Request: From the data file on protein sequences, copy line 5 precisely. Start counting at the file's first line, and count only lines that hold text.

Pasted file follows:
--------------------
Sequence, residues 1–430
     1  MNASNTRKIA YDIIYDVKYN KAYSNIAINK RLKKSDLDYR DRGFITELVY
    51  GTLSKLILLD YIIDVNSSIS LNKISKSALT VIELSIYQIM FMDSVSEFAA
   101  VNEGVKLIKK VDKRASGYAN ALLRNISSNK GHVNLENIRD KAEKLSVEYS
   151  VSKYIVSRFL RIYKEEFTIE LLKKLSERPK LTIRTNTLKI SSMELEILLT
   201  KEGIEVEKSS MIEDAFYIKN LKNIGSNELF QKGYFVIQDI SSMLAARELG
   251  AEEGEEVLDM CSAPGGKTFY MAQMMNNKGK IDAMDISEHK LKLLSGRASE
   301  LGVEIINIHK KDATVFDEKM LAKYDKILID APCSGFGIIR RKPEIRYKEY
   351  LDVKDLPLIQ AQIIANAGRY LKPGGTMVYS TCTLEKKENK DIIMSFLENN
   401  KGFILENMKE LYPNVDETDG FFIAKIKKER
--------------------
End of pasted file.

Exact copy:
   151  VSKYIVSRFL RIYKEEFTIE LLKKLSERPK LTIRTNTLKI SSMELEILLT